This week’s Letters

E-mails should be monitored

An organisation should have the right to protect its reputation and itself
from litigation through staff monitoring (News, 16 July).

In the future, will the courts accept that libellous remarks, or other
e-abuse, cannot be attributed to the company the mail has been sent from, as
the monitoring code has removed their right to avoid this happening?

And there are other issues that are not being discussed, such as resources
and security threats.

Must organisations not monitor for executable files (often virus carriers),
software (could be unlicensed), MP3 files (often infringing copyright), and
large picture files? All of these could present threats to a network, cause
extreme congestion and use vital bandwidth affecting the normal running of a
business network.

Anyone who deals with e-mail systems will be aware of the growth of large
file transfers via e-mail and that these are all too often either virus
infected, music files or audible/video ‘jokes’.

Companies must be allowed to protect their networks and computer resources.
I work in the front line of the e-mail world and I’ve had all these issues to
deal with – if the guidelines remain as they are, companies will pay dearly as
many people cannot be trusted to adhere to the rules.

Rob Jinman
IT manager, Via e-mail

Board must be actively involved

I was interested in your articles on boardroom HR (News, 23 July),
especially in the light of my recent appointment to the board of 24seven

In my experience, the key to boardroom status lies in being actively
involved in every part of the business, from the factory floor to the
boardroom. This includes taking on other areas of responsibility not strictly
within the traditional realm of HR.

I think a recent comment by our chairman on the monthly HR board paper shows
how HR can gain influence. "I always look forward to reading your report –
it tells me what’s actually going on in the business and links what we know we
are trying to achieve to meet customer needs to what people are thinking and
doing in the business to help us achieve our goals," he said.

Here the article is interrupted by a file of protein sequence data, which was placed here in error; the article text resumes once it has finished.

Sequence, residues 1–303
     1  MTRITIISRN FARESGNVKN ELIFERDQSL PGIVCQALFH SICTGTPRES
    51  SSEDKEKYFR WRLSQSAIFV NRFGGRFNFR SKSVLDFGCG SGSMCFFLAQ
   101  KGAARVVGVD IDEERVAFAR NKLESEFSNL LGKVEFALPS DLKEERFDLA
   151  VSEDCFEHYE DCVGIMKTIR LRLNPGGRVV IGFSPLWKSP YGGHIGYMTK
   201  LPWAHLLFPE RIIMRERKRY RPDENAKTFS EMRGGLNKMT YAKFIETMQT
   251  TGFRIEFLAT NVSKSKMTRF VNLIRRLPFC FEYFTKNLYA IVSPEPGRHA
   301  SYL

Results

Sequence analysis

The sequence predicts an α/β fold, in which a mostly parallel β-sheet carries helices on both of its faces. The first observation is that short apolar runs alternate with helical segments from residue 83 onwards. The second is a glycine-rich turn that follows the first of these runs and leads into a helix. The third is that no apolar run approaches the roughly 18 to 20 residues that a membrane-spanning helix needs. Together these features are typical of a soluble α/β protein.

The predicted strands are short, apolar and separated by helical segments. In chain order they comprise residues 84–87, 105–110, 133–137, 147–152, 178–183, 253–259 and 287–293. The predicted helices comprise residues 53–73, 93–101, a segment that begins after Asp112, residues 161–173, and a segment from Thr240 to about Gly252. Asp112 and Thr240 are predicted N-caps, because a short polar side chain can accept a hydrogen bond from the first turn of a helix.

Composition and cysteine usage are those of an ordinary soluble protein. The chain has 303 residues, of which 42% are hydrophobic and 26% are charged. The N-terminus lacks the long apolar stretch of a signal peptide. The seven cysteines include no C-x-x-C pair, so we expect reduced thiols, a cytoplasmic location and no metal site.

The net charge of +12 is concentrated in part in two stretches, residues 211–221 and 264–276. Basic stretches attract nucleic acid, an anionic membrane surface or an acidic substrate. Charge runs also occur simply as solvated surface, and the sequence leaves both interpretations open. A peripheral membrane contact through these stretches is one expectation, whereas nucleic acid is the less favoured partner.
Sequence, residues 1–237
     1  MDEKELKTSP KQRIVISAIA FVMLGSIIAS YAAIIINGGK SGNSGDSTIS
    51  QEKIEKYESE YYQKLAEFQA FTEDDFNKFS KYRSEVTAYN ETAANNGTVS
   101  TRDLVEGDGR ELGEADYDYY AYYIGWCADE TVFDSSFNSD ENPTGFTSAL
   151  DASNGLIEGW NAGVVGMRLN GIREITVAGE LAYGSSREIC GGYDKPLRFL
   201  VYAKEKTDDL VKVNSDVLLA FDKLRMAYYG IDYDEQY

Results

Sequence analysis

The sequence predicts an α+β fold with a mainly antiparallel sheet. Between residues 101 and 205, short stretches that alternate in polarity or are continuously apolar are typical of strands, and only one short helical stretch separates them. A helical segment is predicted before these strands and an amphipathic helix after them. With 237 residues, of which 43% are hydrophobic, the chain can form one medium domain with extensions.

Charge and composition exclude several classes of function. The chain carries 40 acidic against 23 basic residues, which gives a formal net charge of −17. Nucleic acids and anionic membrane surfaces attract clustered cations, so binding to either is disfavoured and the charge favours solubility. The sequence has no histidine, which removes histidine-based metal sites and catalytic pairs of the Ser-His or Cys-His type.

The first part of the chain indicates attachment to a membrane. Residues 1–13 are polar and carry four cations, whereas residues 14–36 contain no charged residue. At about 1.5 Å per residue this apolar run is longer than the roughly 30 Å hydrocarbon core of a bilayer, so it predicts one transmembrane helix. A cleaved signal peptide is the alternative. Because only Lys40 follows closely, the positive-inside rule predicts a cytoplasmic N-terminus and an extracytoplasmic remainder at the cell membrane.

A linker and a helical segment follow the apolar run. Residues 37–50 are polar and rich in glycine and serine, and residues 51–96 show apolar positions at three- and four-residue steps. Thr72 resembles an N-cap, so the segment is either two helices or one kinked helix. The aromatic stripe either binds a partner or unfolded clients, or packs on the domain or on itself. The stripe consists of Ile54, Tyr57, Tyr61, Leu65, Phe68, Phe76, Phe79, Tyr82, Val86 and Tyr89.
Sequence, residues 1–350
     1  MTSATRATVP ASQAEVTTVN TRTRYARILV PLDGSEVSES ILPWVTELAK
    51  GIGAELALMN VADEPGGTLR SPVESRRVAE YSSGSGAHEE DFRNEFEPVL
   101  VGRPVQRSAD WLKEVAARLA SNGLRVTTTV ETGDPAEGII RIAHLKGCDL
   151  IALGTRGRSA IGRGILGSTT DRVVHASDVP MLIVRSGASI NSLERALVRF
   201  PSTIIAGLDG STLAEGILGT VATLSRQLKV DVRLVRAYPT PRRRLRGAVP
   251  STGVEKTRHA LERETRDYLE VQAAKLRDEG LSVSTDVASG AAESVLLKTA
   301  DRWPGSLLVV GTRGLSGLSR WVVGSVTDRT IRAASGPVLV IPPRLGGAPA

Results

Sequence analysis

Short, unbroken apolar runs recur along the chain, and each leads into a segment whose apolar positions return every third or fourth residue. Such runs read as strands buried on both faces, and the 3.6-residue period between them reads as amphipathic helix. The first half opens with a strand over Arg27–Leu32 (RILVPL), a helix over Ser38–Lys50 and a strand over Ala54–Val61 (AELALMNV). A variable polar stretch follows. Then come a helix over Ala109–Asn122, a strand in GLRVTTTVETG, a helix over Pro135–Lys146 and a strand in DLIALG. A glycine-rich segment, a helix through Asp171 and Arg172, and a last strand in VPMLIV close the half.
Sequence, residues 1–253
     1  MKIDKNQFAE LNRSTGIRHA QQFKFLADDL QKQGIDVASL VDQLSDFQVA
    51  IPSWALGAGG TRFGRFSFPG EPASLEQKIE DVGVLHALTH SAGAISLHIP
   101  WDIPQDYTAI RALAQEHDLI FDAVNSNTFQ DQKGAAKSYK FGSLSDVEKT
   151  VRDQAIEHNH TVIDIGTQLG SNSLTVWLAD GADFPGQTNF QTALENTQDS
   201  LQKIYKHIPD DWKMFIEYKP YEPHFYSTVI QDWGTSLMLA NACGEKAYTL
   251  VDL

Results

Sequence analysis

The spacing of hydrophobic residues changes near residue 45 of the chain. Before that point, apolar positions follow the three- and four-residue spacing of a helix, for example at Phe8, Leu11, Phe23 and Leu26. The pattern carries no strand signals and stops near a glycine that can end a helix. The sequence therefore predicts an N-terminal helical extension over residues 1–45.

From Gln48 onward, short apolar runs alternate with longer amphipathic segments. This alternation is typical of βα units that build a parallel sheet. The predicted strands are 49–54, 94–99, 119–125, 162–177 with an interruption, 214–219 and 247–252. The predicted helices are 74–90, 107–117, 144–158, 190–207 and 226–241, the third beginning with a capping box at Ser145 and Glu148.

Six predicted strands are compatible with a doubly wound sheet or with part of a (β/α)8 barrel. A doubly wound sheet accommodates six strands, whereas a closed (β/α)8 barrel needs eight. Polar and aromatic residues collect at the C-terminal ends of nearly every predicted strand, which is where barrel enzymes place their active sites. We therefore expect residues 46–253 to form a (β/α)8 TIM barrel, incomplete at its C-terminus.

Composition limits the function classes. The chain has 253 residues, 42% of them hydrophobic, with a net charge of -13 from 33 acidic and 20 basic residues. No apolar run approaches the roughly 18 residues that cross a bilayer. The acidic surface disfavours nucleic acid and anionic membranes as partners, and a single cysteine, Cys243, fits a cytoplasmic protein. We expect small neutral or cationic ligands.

Over the past two or three years, my company has gone through periods of
rapid growth, followed by consolidation. We could not have done this without
the board being aware of how these changes affect the people in our business,
especially in such a labour intensive market.

Ann Burton
HR director, 24seven Vending

Defending the HR profession

It is not often that an article disturbs my breakfast; however,
‘Would the real HR staff please stand up’ (Comment, 23 July) had me on my feet,
toast flying.

There has been a trail of writers ready to have a condemnatory
stab at a function that has battled to change its image and role within

Are we making an impact? Should we be called HR or personnel?
Are we sufficiently qualified to breathe the same air as those elevated to the
board? The debate goes on, while HR and personnel managers alike do their best
to deliver a service that supports the business needs of their organisation.

This is often not fully supported by either senior or line
management, and now seemingly not by their colleagues in the profession either.

Paul Kearns’ experience of HR and personnel people clearly
differs from mine. I believe the majority of those practising share a desire to
do the best for their organisation, and will rise to the challenge, with
support. Real HR people seek to develop, stretch and motivate those around
them, not damn them for their current status.

So, if his views are symptomatic of the ‘real’ HR populace,
count me out.  In fact, count me out
anyway, because I just left my group HR manager position of seven years feeling
pretty confident, strategically involved and making no excuses for choosing to
move into coaching.  

Dorothy Smith, MA, MCIPD,

How do you measure up?

With reference to Paul Kearns’ comment pieces for Personnel
Today. I would be interested to know how he measures the impact of what he
does, and how is he performing against these measures?

Joanne Miles

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